“I’ll be right there. Have some M&Ms,” she suggested, gesturing at the candy dish on her desk. Tori’s expressive brown eyes were full of stress.

“Thanks.” She munched appreciatively. “I don’t remember it ever being this hard to break in a new actuary.”

Holly shrugged. “His tension level is a bit high, isn’t it?” She’d noticed Jim Felker’s tendency to go into a tailspin every time some piece of information was unexpected, no matter how trivial or how easily resolved. Tori, in particular, had come in for more than her fair share of reprints and verifications.

“I’d give anything for your little trick with the numbers.” Tori took a couple more M&Ms and headed for her desk.

Holly fortified herself with a few of the little chocolate pills and walked up the row of cubicles to Jim’s office. Of all the failings Clay had helped her overcome, chocolate — the miraculous fusion of sugar, caffeine and fat — was the one she’d never conquered.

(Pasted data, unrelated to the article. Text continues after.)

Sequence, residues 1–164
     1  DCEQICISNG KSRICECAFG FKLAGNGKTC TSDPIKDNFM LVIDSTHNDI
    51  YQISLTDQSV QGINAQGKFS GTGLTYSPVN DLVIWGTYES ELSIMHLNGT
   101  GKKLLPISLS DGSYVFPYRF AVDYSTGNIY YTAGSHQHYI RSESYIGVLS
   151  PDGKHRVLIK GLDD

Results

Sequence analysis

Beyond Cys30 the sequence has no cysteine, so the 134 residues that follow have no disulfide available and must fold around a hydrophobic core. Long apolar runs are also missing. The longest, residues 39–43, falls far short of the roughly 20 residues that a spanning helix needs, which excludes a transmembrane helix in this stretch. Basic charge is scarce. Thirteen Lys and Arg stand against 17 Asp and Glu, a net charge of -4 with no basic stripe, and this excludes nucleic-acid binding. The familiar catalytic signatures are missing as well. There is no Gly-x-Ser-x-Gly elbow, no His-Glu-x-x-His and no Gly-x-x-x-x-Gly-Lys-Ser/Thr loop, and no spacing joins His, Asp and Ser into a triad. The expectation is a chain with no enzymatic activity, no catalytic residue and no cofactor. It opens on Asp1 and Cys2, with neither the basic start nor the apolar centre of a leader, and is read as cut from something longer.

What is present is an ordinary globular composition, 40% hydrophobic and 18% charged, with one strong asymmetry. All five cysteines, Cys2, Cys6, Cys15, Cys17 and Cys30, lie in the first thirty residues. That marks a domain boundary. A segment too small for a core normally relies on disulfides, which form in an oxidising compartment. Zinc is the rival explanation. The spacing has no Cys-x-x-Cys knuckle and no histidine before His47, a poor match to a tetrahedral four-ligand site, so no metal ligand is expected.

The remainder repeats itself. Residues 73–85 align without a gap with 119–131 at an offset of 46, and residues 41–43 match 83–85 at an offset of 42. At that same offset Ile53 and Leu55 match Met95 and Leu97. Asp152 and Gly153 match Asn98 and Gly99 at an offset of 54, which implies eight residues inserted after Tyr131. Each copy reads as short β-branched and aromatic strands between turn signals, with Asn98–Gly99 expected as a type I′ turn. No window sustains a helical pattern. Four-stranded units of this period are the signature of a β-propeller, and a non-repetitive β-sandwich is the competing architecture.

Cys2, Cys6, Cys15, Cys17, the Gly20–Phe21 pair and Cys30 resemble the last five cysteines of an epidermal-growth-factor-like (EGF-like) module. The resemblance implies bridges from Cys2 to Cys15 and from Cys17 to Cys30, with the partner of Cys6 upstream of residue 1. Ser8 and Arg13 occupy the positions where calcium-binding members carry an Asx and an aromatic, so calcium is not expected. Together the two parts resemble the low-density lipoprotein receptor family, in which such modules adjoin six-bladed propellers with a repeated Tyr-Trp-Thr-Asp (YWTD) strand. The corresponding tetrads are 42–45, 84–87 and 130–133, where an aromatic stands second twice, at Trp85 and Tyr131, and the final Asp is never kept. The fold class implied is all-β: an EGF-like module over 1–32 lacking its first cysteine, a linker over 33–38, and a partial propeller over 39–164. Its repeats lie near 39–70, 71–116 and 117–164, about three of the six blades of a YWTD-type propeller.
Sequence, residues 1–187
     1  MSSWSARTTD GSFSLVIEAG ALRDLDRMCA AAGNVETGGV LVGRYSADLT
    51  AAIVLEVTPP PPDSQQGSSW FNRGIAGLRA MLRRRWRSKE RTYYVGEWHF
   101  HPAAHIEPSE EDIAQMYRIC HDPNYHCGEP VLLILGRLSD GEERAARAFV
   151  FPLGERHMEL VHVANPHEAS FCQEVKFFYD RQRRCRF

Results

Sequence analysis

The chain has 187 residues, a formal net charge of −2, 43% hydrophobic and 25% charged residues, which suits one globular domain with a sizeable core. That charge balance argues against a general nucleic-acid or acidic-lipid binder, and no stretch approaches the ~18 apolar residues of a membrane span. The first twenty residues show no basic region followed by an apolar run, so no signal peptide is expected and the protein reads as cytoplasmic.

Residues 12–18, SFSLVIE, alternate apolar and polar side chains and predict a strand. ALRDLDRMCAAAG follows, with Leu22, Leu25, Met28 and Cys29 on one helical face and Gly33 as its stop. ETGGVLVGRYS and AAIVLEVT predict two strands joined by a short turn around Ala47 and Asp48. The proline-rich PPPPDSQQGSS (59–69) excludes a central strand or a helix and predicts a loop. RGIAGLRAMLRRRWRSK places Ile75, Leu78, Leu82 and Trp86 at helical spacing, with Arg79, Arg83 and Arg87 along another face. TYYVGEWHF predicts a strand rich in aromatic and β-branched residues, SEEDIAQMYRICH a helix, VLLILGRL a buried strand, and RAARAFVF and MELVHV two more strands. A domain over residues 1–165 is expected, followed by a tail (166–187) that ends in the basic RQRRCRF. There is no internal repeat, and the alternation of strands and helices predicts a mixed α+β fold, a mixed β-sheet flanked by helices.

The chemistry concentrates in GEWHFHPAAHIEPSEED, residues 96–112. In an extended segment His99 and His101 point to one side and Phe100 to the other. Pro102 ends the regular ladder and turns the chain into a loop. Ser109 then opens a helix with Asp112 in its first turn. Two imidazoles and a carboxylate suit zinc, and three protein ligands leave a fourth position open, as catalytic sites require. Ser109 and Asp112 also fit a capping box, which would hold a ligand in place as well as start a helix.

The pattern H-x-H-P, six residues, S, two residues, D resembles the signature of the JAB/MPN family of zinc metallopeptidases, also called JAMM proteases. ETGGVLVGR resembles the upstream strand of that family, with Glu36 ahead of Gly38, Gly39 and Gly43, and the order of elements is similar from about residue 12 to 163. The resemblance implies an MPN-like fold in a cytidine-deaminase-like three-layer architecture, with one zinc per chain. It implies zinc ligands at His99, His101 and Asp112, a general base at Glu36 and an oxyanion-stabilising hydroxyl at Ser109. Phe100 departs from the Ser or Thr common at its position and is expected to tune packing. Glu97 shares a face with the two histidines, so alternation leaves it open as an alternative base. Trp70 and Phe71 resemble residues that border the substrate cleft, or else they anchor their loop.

Jim was in a tailspin, big time. “Holly, you just have to look at this mess. None of these arrays look right to me.” What hair Jim had stood on end. His black-rimmed glasses were askew.

She examined the columns for a few minutes. Jim at least knew when to leave her alone. Arrays of numbers, grouped in regional sequences and presented with corresponding standard deviations — it was the simplest of math functions. Finally, she said, “The totals are fine. They seem reasonable based on the inputs.”

“How can that be? Look at this column. Fifty items, everything starts with one and yet the total is nearly one hundred. That just doesn’t make sense.”